The Renault factory in Maubeuge, northern France
The Renault factory in Maubeuge, northern France. Shares in French automaker Renault plunged by more than seven per cent when trading opened yesterday in Paris after Italian- American carmaker Fiat Chrysler withdrew a merger proposal. Image Credit: AFP

Milan, Paris (Bloomberg): Fiat Chrysler Automobiles NV abruptly withdrew its offer to combine with Renault SA after the French carmaker’s board - on the brink of approving the deal - postponed a decision for a second time.

Fiat’s move, upending a deal that would create the world’s third-largest automaker, came after Renault directors ended an hours-long meeting without taking a crucial vote. The French state, its biggest shareholder and the most important voice on the board, had requested deliberations be put off to a later date.

Renault said it would continue to review the proposal “with interest”. In its own statement, Fiat Chrysler took direct aim at the French government, owner of a 15 per cent stake in the French carmaker, for scuppering a deal.

“It has become clear that the political conditions in France do not currently exist for such a combination to proceed successfully,” Fiat said, adding that it remains convinced that the plan was compelling and carefully balanced.

A wasted effort that lasted weeks

The Italian-American maker of Jeep SUVs and Ram pickups had spent weeks navigating talks with Renault, its longstanding partner Nissan Motor Co. and the French state, which had ratcheted up demands over jobs, governance and factories. It had also pushed for a board seat and a payout to shareholders since the deal was announced on May 27.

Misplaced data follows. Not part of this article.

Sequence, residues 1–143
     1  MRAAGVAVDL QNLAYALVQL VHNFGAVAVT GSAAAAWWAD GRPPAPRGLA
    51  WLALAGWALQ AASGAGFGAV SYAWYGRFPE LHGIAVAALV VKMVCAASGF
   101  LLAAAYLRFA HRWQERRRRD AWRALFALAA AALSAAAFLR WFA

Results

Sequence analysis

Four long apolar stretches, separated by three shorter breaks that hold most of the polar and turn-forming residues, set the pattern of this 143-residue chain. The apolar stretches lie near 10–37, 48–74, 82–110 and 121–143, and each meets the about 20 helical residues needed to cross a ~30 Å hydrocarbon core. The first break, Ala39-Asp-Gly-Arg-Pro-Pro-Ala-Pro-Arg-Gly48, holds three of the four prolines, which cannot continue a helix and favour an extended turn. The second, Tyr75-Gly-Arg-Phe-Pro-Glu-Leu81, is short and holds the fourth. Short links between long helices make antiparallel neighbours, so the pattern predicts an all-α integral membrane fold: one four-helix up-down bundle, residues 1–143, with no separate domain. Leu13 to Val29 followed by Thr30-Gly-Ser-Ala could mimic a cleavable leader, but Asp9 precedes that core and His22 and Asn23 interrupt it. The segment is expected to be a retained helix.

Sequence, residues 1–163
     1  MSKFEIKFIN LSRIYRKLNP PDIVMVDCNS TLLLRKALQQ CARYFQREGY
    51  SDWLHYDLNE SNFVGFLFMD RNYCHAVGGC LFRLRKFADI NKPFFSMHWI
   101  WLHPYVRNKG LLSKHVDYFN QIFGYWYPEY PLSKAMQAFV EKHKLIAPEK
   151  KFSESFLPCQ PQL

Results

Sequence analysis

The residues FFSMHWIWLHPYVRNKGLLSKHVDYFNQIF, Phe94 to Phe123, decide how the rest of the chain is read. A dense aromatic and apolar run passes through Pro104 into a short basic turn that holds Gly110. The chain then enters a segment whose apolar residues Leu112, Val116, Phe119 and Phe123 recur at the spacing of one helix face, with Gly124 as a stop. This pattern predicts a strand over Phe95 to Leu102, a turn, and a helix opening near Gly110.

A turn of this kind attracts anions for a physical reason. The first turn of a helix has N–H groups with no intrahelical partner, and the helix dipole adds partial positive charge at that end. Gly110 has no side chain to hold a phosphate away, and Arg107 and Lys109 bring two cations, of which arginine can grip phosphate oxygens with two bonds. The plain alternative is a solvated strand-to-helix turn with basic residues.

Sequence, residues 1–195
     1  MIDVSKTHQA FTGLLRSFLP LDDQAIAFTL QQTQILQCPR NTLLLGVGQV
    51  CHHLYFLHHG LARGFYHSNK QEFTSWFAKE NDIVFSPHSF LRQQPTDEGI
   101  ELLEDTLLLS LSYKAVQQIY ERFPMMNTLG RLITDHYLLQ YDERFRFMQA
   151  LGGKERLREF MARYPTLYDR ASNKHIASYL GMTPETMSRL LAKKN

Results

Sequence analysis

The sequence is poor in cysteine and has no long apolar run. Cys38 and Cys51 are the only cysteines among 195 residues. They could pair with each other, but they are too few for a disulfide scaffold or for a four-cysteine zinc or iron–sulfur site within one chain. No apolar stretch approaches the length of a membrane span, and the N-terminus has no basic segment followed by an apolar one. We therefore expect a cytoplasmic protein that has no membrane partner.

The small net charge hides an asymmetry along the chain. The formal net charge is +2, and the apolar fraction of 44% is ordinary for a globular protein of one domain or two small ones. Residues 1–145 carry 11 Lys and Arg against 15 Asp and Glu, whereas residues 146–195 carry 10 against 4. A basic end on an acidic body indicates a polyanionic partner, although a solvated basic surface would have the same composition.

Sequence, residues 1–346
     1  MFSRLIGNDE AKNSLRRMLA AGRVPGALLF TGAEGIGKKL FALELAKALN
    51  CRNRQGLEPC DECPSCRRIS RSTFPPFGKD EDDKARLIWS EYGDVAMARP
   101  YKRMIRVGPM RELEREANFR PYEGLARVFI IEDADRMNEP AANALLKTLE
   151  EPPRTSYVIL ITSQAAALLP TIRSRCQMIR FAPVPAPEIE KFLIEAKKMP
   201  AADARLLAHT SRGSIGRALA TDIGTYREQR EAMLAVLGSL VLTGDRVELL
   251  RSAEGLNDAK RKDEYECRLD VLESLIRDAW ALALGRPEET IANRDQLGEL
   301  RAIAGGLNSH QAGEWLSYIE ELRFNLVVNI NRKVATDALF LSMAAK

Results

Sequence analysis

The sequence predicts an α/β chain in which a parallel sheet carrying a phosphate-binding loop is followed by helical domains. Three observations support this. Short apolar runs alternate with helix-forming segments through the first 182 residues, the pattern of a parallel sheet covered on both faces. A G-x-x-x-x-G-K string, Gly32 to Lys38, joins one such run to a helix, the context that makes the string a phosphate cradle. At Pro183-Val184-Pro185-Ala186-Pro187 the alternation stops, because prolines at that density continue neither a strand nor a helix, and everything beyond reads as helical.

In the end, the French sought more time to persuade Nissan to back the merger, the finance ministry said in a statement.

“There’s nothing positive in the withdrawal of Fiat’s offer for Renault,” said Takeshi Miyao, an analyst at Carnorama.

The decision to walk away marks a significant retreat for Fiat chairman and scion of the founding Agnelli family John Elkann. After discussions with Renault’s cross-town rival Groupe PSA, he had opted for the riskier path, proceeding with an offer for Renault despite the complications of the significant government shareholding and the company’s strained relationship with Nissan.

Fiat Chrysler has been seeking a third partner since former CEO Sergio Marchionne and Elkann created the company in 2014 with Fiat’s full acquisition of the Detroit automaker. Even so, the late deal-maestro warned in a joint interview with Elkann that it is also crucial to end talks without the right conditions.

The breakdown of late-night talks just as a deal appeared to be in hand also leaves Renault Chairman Jean-Dominique Senard in a difficult position, having sought and failed to use his diplomatic skills to bring all the parties into agreement. In addition to the demands from the French state, French labor unions were worried about jobs and Nissan felt betrayed by a partner with which it was already trying to smooth rocky relations.

Not much support from Nissan
Nissan had withheld its support for the Fiat deal, raising questions about cost savings, technology sharing and other matters, despite Renault Chairman Jean-Dominique Senard’s desire to win at least conditional backing from the Japanese manufacturer. Nissan, which wasn’t formally part of the Fiat deal, nevertheless has an important role as Renault’s 20-year alliance partner, sharing technology to develop new models, purchasing components at scale and producing models from each brand in the same factories.